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Transfer of toxic substances from feed to food

Transferência de substâncias tóxicas de alimentos para animais para alimentos para humanos

Abstracts

The title may raise questions about definitions of the terms used. The more obvious ones are: 1) What is transfer? 2) How to define toxic; and 3) How to define feed or food. A more underlying question is how to measure the substances we are interested in. The (often) chemical methods used, are not always sensitive or specific enough. Sometimes, biologically based methods are used which detect a biological response, but seldom identify the compound responsible for that. Transfer is often not quantified in absolute terms but expressed in concentrations in feed and food. Mass balance between intake and excretion are quite rare as a steady state situation of residues in the animal is sometimes not obtained. Toxicity is mostly dependent on the concentration of the substance involved and even substances presumed to be innocent. Feed does certainly include the materials provided to the animal but also include the soil in which they walk and graze? Animals will consume some of the soil and it might contain considerable amounts of unwanted substances. Food certainly includes meat, milk and eggs and probably liver and kidney. But does also include intestine, spleen, testicles or even bone? Analytical methods may give wrong results if not applied properly and with adequate background knowledge. The recent episode of melamine in milk powder has been a very tragic wake-up call in this respect. Based on 35 years of carry-over studies with farm animals and data from the literature, a number of these points will be discussed.

carry-over; feed; food; risks; toxic substances; transfer


O título deste artigo pode levantar algumas questões a respeito dos termos adotados. As mais óbvias são: 1) O que é transferência? 2) Como definir tóxico? 3) Como definir alimento para animais e para humanos? Uma questão mais destacada é como medir as substâncias nas quais nós estamos interessados. Os métodos químicos frequentemente usados, nem sempre apresentam sensibilidade ou são suficientemente específicos para os metabólitos que desejamos. Algumas vezes, métodos com base biológica são usados, os quais detectam uma resposta biológica, mas não a identidade da substância responsável pela resposta. Transferência frequentemente não é quantificada em termos absolutos, mas expressa em concentração no alimento. Os balanços de massa entre ingestão e excreção são raros, e assim as condições de estabilização dos resíduos no animal muitas vezes não são obtidas. A toxicidade é dependente principalmente da concentração da substância envolvida e até mesmo da concentração da substância presumida como não tóxica. Entre os alimentos fornecidos aos animais pelo produtor se inclui outros materiais, como solo por exemplo. Animais que consomem solo podem ingerir quantidades consideráveis de substâncias não desejáveis. Alimentos para humanos certamente incluem carne, leite e ovos, e provavelmente fígado e rins. Mas incluem também intestino, pulmão, testículos, ou mesmo osso? Os métodos analíticos podem dar resultados errados se não aplicados corretamente e com conhecimento. O recente episódio da melamina no leite em pó foi uma trágica ocorrência que reforça a atenção dos pesquisadores. Baseado em nossos estudos de mais de 35 anos sobre contaminação cruzada e de dados de literatura, vários destes pontos destacados serão discutidos.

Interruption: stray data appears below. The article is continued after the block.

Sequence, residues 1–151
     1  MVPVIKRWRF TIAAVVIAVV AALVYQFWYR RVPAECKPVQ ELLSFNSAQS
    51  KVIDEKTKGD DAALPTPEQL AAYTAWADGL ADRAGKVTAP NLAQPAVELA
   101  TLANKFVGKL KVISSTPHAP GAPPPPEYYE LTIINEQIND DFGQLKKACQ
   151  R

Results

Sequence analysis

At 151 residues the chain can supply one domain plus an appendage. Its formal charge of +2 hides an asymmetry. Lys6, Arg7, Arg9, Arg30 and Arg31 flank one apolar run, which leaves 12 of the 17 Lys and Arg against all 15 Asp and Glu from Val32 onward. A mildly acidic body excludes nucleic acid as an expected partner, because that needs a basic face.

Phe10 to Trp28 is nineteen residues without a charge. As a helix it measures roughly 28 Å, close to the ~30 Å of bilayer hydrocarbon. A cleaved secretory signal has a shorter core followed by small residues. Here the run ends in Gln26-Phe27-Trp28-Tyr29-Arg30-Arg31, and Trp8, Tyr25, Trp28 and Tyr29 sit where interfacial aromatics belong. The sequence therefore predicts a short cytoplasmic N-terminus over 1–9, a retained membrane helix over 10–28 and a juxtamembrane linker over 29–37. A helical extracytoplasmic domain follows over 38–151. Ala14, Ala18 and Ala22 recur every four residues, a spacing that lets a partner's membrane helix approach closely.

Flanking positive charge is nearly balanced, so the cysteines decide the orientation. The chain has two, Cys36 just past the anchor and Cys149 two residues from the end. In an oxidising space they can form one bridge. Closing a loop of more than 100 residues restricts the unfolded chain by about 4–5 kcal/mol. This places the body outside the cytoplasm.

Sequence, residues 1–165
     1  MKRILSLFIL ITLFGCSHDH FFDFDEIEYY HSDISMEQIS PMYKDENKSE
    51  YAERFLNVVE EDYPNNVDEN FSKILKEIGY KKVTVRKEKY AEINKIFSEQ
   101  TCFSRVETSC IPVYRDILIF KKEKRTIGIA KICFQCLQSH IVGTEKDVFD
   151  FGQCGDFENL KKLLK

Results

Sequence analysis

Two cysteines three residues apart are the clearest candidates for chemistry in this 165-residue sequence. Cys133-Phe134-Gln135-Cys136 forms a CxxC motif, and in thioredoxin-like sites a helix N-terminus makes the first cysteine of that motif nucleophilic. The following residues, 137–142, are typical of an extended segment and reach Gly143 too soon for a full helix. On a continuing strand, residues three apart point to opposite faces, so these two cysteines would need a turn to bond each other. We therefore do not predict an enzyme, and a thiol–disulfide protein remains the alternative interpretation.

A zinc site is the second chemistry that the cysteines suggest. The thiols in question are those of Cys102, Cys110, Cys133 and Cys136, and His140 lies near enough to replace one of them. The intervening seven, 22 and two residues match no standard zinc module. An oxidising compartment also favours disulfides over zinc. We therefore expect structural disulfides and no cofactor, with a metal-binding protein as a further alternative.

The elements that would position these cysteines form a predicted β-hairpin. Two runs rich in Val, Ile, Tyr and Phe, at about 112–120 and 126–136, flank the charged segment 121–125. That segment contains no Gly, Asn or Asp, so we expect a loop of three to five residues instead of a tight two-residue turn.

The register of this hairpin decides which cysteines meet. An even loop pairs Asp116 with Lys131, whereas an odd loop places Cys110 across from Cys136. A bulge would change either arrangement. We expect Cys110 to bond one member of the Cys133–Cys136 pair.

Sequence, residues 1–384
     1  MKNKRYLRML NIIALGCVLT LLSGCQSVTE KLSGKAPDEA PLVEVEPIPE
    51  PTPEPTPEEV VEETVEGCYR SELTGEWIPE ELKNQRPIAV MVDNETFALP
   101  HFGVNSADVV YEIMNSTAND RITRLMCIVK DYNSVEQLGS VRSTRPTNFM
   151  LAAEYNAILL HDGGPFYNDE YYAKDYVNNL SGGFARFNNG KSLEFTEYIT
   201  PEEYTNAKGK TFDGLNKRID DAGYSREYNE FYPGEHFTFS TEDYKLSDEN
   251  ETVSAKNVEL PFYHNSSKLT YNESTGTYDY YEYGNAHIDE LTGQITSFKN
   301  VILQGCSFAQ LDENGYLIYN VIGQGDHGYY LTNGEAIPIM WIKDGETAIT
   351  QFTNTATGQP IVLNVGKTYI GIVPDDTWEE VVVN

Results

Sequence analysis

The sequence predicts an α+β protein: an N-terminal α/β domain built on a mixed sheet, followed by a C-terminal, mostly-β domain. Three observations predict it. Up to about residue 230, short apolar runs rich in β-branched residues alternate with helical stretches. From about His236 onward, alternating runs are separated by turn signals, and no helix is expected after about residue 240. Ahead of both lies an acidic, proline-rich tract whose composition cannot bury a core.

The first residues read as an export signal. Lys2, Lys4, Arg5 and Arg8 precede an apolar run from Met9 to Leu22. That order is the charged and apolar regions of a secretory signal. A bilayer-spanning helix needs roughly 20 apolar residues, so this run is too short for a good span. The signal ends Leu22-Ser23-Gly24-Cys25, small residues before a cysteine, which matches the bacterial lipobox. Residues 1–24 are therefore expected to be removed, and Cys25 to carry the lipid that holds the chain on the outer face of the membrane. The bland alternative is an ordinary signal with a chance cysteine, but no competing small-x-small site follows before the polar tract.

alimento para animais; alimento para humanos; contaminação cruzada; substâncias tóxicas; transferência


RATION TECHNOLOGY

Transfer of toxic substances from feed to food

Transferência de substâncias tóxicas de alimentos para animais para alimentos para humanos

Cornelis Adriaan Kan

Formerly at the Animal Sciences Group of Wageningen University and Research Centre, Lelystad, The Netherlands

ABSTRACT

The title may raise questions about definitions of the terms used. The more obvious ones are: 1) What is transfer? 2) How to define toxic; and 3) How to define feed or food. A more underlying question is how to measure the substances we are interested in. The (often) chemical methods used, are not always sensitive or specific enough. Sometimes, biologically based methods are used which detect a biological response, but seldom identify the compound responsible for that. Transfer is often not quantified in absolute terms but expressed in concentrations in feed and food. Mass balance between intake and excretion are quite rare as a steady state situation of residues in the animal is sometimes not obtained. Toxicity is mostly dependent on the concentration of the substance involved and even substances presumed to be innocent. Feed does certainly include the materials provided to the animal but also include the soil in which they walk and graze? Animals will consume some of the soil and it might contain considerable amounts of unwanted substances. Food certainly includes meat, milk and eggs and probably liver and kidney. But does also include intestine, spleen, testicles or even bone? Analytical methods may give wrong results if not applied properly and with adequate background knowledge. The recent episode of melamine in milk powder has been a very tragic wake-up call in this respect. Based on 35 years of carry-over studies with farm animals and data from the literature, a number of these points will be discussed.